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winston wambua Karumba
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Taxation in United Arab Emirates
 
 
The United Arab Emirates (UAE) is located on the southern coast of the Arabian Gulf and is a Federation of seven emirates, Abu Dhabi, Dubai, Sharjah, Ajman, Umm Al Quwain, Ras Al Khaimah and Fujairah.
The country has been experiencing considerable growth and development since its formation in 1971 due to its liberal economic policies. The population has rapidly increased from around 250,000 in 1971 to an estimated 5 million in 2005.
 
The UAE’s dynamic economic environment and the economic diversification strategy, has been made possible due to the massive investment in the infrastructure comprising of efficient road networks, excellent telecommunications facilities and the links with the outside world through first class ports, both sea and air, which are constantly being upgraded.
 
In Dubai, hotels, office blocks, shopping malls and entertainment complexes are being developed rapidly and are putting the Dubai property market on the world map. The trigger for much of this expansion was the Emirate’s decision to allow non-nationals to purchase freehold property in several property developments such as Nakheel’s development of The Palm, Jumeirah and The Palm, Jebel Ali, which are the latest residential island projects currently in Dubai. The Commercial Companies Law No. 8 of 1984 which establishes seven types of business organizations, addresses amongst other matters minimum capital levels and UAE national equity ownership requirements, the number of directors and shareholders, and other topics relating to the management and administration of businesses. The Commercial Companies Law is in the process of being amended.
 
Under the present Commercial Companies Law, in most cases foreign ownership is restricted to 49%. There is speculation that this will be increased in the forthcoming Commercial Companies Law. Branches of foreign companies may be registered in the UAE; however a local sponsor or service agent is required in virtually all cases. Ministerial decree No. 194 of 2004 allows GCC nationals to set up entities in the UAE without UAE National involvement
 
 
Corporate Income Tax
 
The federal government of the United Arab Emirates has not promulgated any tax laws. Most of the individual Emirates have issued corporate tax decrees, but, in practice, taxes are only imposed on oil and gas producing companies at rates set forth in their government concession agreements, and on branches of foreign banks at rates set out in specific tax decrees or fixed in agreements with the Rulers of the Emirates in which the branches operate.
 
The income tax decrees which have been enacted in each Emirate provide for tax to be imposed on the
taxable income of all bodies corporate wherever incorporated, and their branches which carry on trade or
business, at any time during the taxable year through a permanent establishment in the relevant Emirates.
Bodies corporate are taxed if they carry on trade or business directly in the Emirate or indirectly through the agency of another body corporate.
 
 
According to the Dubai income tax decree, all companies carrying on trade or business in Dubai are required to pay tax on their earnings. The rates of tax are on a sliding scale up to a maximum of 55 per cent. In practice however, only:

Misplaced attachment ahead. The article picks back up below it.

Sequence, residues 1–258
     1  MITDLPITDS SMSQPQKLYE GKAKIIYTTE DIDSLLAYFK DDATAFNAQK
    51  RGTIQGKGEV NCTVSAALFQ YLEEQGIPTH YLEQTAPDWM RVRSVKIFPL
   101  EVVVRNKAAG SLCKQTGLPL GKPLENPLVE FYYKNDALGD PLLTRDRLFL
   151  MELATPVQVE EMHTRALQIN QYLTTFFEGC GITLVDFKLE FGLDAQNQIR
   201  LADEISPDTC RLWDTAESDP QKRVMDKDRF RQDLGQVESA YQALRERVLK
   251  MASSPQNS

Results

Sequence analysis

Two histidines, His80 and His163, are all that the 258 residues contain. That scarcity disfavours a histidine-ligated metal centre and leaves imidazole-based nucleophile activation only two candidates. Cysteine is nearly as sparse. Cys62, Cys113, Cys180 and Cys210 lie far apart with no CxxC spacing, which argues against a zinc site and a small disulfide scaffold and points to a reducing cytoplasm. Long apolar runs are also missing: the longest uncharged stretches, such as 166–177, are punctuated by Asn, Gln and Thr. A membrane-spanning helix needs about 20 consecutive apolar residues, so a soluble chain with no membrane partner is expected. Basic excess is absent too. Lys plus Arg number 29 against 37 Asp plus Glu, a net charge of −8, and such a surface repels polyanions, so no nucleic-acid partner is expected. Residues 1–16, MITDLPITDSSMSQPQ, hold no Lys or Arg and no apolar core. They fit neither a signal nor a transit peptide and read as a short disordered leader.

Oil and gas producing companies pay tax at rates specified in the relevant concession agreement. Oil companies also pay royalties on production;
 
b) Branches of foreign banks pay tax at a flat rate of 20% on annual profits. The taxable income of banks is calculated by reference to their audited financial statements.
 
The Dubai Income Tax Ordinance of 1969 and Dubai income tax decree (and its amendment 1970) specifies that an organization that conducts trade or business in Dubai shall be subject to taxation as follows:
 
A “chargeable person” means a body corporate wherever incorporated, or each and every branch thereof,
carrying on trade or business at any type during an income tax year through a permanent establishment
situated in the Emirate whether directly or through the agency of another body corporate, (and not entitled under an agreement with the Ruler to an exemption from liability to income tax). Two or more such branches of a body corporate so carrying on trade shall each be treated as separate chargeable persons. The fact that a body corporate has a secondary body corporate carrying on trade or business through a permanent establishment in the Emirate shall not in itself constitute that parent body corporate as a chargeable person.
 
 “Carrying on trade or business” means:
 
Selling goods or rights in such good in the Emirate;
Operating any manufacturing, industrial or commercial enterprise in the Emirate;
Letting any property located in the Emirate; or
Rendering services in the Emirate, (excluding the mere purchasing of goods, or rights in such goods in the emirate.)
 
A chargeable person in Abu Dhabi shall be charged taxes on a sliding scale as described above except that the tax so charged shall be reduced by the credit aggregate of oil dealt in for that fiscal year so long as the total of all reductions granted to all chargeable persons in that fiscal year shall not exceed the credit aggregate of oil dealt in for that fiscal year.
 
Taxable income is computed after the deduction of all costs and expenses incurred by a chargeable person
earning such income. Deductible costs and expenses include acquisition cost of goods, the expenses of operating the business, allowances for depreciation, obsolescence and exhaustion of both tangible and intangible assets and losses sustained by the chargeable person in connection with the business.
 
Regards
 
Winston Wambua
 

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